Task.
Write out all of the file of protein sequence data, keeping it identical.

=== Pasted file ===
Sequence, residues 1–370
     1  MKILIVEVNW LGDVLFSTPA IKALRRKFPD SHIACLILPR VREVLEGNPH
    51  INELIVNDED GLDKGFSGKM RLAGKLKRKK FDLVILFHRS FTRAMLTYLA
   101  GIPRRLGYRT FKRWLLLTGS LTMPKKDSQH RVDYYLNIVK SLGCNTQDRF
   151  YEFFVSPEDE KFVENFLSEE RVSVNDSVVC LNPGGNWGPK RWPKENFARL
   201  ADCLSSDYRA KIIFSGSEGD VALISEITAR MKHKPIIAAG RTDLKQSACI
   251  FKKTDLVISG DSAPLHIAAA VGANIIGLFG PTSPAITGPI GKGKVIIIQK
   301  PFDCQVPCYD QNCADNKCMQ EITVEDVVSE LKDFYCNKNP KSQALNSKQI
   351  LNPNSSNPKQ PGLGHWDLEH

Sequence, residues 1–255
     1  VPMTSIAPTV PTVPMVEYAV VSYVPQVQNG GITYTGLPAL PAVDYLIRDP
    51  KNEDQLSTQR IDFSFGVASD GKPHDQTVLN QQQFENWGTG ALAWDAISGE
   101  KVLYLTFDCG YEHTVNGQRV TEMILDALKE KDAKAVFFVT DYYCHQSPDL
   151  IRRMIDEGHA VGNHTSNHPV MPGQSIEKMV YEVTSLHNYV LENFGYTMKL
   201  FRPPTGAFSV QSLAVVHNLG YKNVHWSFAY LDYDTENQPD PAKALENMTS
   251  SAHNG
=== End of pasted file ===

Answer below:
Sequence, residues 1–370
     1  MKILIVEVNW LGDVLFSTPA IKALRRKFPD SHIACLILPR VREVLEGNPH
    51  INELIVNDED GLDKGFSGKM RLAGKLKRKK FDLVILFHRS FTRAMLTYLA
   101  GIPRRLGYRT FKRWLLLTGS LTMPKKDSQH RVDYYLNIVK SLGCNTQDRF
   151  YEFFVSPEDE KFVENFLSEE RVSVNDSVVC LNPGGNWGPK RWPKENFARL
   201  ADCLSSDYRA KIIFSGSEGD VALISEITAR MKHKPIIAAG RTDLKQSACI
   251  FKKTDLVISG DSAPLHIAAA VGANIIGLFG PTSPAITGPI GKGKVIIIQK
   301  PFDCQVPCYD QNCADNKCMQ EITVEDVVSE LKDFYCNKNP KSQALNSKQI
   351  LNPNSSNPKQ PGLGHWDLEH

Sequence, residues 1–255
     1  VPMTSIAPTV PTVPMVEYAV VSYVPQVQNG GITYTGLPAL PAVDYLIRDP
    51  KNEDQLSTQR IDFSFGVASD GKPHDQTVLN QQQFENWGTG ALAWDAISGE
   101  KVLYLTFDCG YEHTVNGQRV TEMILDALKE KDAKAVFFVT DYYCHQSPDL
   151  IRRMIDEGHA VGNHTSNHPV MPGQSIEKMV YEVTSLHNYV LENFGYTMKL
   201  FRPPTGAFSV QSLAVVHNLG YKNVHWSFAY LDYDTENQPD PAKALENMTS
   251  SAHNG